In 1988, April 29 was a Friday, and I’m guessing that I stopped off to do some shopping on the way home from Minot State University that day and came away with a copy of Gordon Lightfoot’s 1986 album East Of Midnight.

The album was Lightfoot’s most recent release of all new material. (Sometime in 1988, he would release Gord’s Gold, Volume II, which included re-recordings of some of his recent work, as well as some repackaging of earlier recordings and one new track.) And it was, according to the LP database, the fifth album by the Canadian folk singer to come home with me.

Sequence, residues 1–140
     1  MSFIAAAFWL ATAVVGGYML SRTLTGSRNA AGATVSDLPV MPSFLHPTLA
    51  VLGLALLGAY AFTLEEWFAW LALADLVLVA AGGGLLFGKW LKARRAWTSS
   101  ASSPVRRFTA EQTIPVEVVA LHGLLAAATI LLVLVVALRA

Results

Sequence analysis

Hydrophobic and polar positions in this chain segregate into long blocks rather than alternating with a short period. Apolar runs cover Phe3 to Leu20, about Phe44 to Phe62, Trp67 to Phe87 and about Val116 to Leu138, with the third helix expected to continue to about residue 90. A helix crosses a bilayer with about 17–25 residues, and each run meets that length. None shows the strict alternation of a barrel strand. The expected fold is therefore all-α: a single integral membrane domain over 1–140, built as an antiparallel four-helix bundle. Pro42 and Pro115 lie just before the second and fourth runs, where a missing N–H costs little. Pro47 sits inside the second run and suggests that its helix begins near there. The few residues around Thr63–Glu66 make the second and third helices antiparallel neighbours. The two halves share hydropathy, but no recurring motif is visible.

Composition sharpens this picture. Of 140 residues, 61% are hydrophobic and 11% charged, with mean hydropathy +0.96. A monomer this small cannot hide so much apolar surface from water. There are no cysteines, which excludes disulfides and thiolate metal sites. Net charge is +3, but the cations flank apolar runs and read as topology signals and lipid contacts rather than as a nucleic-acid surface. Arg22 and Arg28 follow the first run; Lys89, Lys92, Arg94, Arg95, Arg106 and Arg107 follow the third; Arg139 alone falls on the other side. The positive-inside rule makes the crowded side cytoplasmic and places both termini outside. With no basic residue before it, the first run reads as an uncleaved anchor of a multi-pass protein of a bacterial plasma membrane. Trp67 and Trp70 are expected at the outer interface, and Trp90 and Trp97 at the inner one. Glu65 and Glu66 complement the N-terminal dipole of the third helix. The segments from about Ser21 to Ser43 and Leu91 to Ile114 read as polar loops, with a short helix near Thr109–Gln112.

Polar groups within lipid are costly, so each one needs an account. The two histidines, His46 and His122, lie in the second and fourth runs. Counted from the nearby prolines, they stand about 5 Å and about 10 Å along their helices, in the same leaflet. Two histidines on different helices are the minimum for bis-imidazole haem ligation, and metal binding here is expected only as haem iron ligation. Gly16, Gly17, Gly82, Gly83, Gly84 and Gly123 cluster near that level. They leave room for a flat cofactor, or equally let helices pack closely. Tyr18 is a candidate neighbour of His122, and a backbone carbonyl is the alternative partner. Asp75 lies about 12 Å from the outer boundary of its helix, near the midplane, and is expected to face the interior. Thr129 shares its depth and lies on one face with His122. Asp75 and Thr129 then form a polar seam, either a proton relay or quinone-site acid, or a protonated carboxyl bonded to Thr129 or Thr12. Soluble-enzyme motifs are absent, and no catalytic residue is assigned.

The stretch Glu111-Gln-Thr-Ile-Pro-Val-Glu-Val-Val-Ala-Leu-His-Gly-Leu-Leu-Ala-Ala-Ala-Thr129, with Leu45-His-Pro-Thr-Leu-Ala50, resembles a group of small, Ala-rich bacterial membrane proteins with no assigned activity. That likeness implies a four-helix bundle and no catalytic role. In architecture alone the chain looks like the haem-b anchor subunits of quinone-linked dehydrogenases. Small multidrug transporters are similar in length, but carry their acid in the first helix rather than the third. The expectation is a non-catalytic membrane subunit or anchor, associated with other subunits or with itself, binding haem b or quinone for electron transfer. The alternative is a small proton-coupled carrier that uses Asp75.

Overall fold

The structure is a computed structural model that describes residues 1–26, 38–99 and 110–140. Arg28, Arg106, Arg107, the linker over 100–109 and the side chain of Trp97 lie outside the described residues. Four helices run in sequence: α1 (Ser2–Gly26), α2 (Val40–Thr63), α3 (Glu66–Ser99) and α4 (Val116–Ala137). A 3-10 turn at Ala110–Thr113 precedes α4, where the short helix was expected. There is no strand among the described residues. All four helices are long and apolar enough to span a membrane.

I was likely in a difficult mood that day, struggling after the ending of a relationship during the first days of the month. New music might cheer me, I suppose I thought. And there was another thing, as I look back.

One of the stages of grief, it’s said, is bargaining: If I do this, things will change and the grief will go away, or something like that. And, I’ve read, we don’t often recognize the bargaining behavior at the time. One of the touchstones of the relationship just ended had been music, and Lightfoot’s music had been high on our list. Was there a subconscious motive in my buying East Of Midnight?

Maybe. I’d added some Lightfoot to my stacks during the previous year, while things had been going well. I might have seen East Of Midnight as a talisman of some sort. Or maybe not. As well as I recall the events of that spring, I can’t untangle my motivations on that long-ago Friday.